Objective The extent of first-contact access to primary care (ie, easy availability when needed) is associated with receiving recommended preventive services. Whether this access benefits patients at risk of preventive services underutilisation, such as those with certain personality characteristics, is unclear.
Setting Secondary analysis of the 2003–2006 round of the Wisconsin Longitudinal Study.
Participants 6975 respondents who reported a usual provider whose specialty was internal medicine or family medicine. Those reporting not visiting a medical provider in the past 12 months, and those who were uninsured were excluded.
Primary outcome measures Receiving mammography, cholesterol testing and influenza vaccination. Adjusted predicted probabilities (aPP) of receiving these services were analysed stratified by personality characteristics overall, and if significant, then interacted with first-contact access.
Results Lower conscientiousness as compared with higher conscientiousness predicted less of all 3 preventive services; mammography (aPP 80%; 95% CI (77% to 83%) vs aPP 85%; (95% CI 82% to 87%)), cholesterol testing (88%; (85% to 90%) vs 93% (91% to 94%), and influenza vaccination (62%; (59% to 64%) vs 66%; (63% to 68%)). Lower agreeableness as compared with higher agreeableness predicted less mammography (77%; (73% to 81%) vs 84%; (82% to 87%)) and less influenza vaccination (59%; (56% to 62%) vs 65%; (63% to 68%)). Lower extraversion predicted less cholesterol testing (88%; (86% to 91%) vs (92%; (90% to 94%)). Lower openness to experience predicted less influenza vaccination (59%; (56% to 63%) vs (68%; (65% to 70%)). For agreeableness, these differences in receiving preventive services did not persist when first-contact access to primary care was present.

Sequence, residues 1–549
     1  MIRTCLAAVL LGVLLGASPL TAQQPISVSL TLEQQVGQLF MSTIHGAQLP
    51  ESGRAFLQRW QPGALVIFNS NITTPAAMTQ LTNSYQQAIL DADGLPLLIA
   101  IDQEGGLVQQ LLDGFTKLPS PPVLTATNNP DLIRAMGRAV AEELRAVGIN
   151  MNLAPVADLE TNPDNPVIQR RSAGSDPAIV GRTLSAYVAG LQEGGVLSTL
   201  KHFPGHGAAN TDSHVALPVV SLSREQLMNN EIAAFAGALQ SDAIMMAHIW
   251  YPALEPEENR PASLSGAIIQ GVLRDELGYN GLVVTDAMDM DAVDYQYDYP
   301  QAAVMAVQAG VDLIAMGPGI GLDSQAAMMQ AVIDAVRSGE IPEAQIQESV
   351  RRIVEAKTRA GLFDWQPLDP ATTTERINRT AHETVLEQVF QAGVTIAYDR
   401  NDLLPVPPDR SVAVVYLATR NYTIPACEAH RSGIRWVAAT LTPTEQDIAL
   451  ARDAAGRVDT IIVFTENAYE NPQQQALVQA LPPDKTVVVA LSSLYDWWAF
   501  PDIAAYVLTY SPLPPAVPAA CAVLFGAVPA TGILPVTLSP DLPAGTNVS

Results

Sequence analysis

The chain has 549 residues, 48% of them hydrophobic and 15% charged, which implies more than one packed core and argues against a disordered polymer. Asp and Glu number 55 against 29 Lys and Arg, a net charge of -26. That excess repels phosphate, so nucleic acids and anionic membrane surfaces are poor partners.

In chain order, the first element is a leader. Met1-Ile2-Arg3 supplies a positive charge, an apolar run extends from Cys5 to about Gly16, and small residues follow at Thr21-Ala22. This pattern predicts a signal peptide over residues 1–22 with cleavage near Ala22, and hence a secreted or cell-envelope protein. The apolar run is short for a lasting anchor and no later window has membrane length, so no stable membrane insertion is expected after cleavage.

Conclusions Certain personality characteristics predicted receiving less preventive care services. For those with less agreeableness, improved first-contact access to primary care mitigated this effect. If these results are replicated in other studies, primary care offices seeking to improve population health through receiving preventive services should prioritise increasing their first-contact accessibility.
- PRIMARY CARE
- PREVENTIVE MEDICINE
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Strengths and limitations of this study
This article provides evidence suggesting that first-contact access to primary care can diminish the negative influence of certain personality characteristics on receiving preventive health services.
This study adds to a growing body of literature demonstrating associations between certain personality characteristics and health behaviours.